Monday, May 15, 2017

Remarriage, step-parents, and the best interest of the child

The term "step-parent" appears to me to be ill-defined, loosely used, and often lacking consideration for the interest of the children. Words are impactful. Their proper use can provide clarity of meaning and understanding while their misuse can lead to confusion and myriad misgivings. The application of the term step-parent can bring forth all.

In the technical sense adoptive parents are the most appropriate example of step-parents. These people have taken upon the role of parents for a child in place of the child's birth parents for the presumed purpose of serving the child. In these instances each birth parent either didn't accept, lacked the opportunity, or relinquished the role of parent. This necessitated having a couple step into the role of parents for the child. For convenience adoptive parents are simply labeled as "parents". Alternatively, "step-parent" and "parent" are also used as labels for someone who may have adopted a parenting role of a child whose parent has not relinquished the parenting role.

In post divorce situations a birth parent of a child may remarry. When this happens it has become perfunctory by society to label the parent's subsequent spouse as a step-parent. I contend, however, that such labeling can be flawed and misrepresents the role of the newly included adult.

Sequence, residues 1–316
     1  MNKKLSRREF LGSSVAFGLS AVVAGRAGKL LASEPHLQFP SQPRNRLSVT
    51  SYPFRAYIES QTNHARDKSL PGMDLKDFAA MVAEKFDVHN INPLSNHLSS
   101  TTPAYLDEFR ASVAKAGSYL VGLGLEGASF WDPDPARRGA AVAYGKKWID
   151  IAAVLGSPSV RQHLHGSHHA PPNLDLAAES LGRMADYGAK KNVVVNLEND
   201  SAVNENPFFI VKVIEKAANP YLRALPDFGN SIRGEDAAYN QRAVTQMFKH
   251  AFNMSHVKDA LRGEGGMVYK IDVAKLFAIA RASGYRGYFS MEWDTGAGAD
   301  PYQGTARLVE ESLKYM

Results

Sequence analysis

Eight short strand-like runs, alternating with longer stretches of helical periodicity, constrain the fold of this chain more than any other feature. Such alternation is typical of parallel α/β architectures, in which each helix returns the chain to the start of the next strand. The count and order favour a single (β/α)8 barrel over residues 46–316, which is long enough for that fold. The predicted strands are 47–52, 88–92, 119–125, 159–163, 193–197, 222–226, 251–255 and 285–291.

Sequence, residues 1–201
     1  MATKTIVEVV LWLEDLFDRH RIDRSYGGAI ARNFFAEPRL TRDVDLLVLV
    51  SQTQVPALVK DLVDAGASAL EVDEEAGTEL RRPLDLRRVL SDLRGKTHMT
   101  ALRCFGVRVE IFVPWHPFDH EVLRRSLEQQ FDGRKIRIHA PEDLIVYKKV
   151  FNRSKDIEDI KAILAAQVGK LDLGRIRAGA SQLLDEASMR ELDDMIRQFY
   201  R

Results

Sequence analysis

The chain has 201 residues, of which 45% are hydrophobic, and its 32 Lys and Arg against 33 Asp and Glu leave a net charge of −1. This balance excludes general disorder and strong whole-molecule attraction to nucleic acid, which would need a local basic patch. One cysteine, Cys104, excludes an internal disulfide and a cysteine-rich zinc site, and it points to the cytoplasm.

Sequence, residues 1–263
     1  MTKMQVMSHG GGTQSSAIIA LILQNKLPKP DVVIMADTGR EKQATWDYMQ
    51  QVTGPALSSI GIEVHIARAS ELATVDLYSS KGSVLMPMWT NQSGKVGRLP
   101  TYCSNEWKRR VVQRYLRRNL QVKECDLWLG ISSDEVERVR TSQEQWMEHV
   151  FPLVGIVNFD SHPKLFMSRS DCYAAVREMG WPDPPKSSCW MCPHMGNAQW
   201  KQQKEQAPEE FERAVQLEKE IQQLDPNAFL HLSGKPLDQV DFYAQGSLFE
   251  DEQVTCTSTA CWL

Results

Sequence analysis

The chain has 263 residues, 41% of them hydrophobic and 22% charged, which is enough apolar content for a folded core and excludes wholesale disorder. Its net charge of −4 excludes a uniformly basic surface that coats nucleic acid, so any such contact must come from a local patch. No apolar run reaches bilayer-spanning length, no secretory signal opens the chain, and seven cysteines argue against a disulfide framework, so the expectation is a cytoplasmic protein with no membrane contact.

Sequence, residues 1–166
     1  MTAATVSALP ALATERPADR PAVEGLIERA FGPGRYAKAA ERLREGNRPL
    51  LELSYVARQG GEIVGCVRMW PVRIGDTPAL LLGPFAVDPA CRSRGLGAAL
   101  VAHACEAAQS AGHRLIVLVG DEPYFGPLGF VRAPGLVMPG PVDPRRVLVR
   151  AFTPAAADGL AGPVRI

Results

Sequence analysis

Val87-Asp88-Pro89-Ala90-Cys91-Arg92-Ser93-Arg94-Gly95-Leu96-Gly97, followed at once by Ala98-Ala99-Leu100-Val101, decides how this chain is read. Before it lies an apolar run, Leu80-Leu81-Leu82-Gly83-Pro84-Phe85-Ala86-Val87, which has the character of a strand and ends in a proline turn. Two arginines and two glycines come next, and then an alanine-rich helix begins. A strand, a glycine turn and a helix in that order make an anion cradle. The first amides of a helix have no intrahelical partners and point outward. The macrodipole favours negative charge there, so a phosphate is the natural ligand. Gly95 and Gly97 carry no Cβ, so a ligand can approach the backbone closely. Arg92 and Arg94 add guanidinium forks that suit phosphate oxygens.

Intuitively the label of step-parent has evoked some discomfort in my mind. My relationship to one particular family clarified my thoughts. After some years of the children being without a father the mother remarried. Her subsequent spouse was a man whom she knew from her youthful days. Although a fine person and an appropriate companion for the mother there was a missing element. The children still came to me with concerns appropriately addressed by a father. Although mother had remarried the children still appeared to lack a residential father figure.

It occurred to me that this man was the mother's partner. He was not a step-parent. Therein lies the crux of the dissonance which I have observed in many children in similar situations. The children observe the social norm of a parental partner being labeled as their new parent. The children may be instructed to call this person "mom" or "dad". Yet, the children still feel as though an existing birth parent substantially fills the role of mother or father, or that absent an engaged parent the new partner to the residential parent has not stepped into the parenting role.

In these scenarios the remarrying parent has not identified the subsequent spouse as not fulfilling a parental role of has obfuscated that need of the children. The parent has instead chosen a spouse to meet his or her immediate wants while not acknowledging the deficit.

Early this year I wrote Are you subjected to the language of societal scripts when objective assessments would provide better outcomes? where I explored the rote application of terms which are reinforced by society although the terms may be logically contradictory. As now, it was my intention then to encourage you to express ideas through meaning rather than rote recitations of common labels.

When it comes to the introduction of a new adult into the household objective language should be used to identify the role of that person. If the children demonstrate that the person fills the void of a parent then the "step-parent" and associated "mom" or "dad" labels may be appropriate. If, however, the children still have two existing people fulfilling the role of parent or the subsequent spouse is not fulfilling the parenting role then "partner" or a similarly appropriate term should be used.

All parties involved will be better served by accurately characterizing their relationship status. This reduces dissonance and conflict while facilitating a smoother transition through the changing family dynamic.

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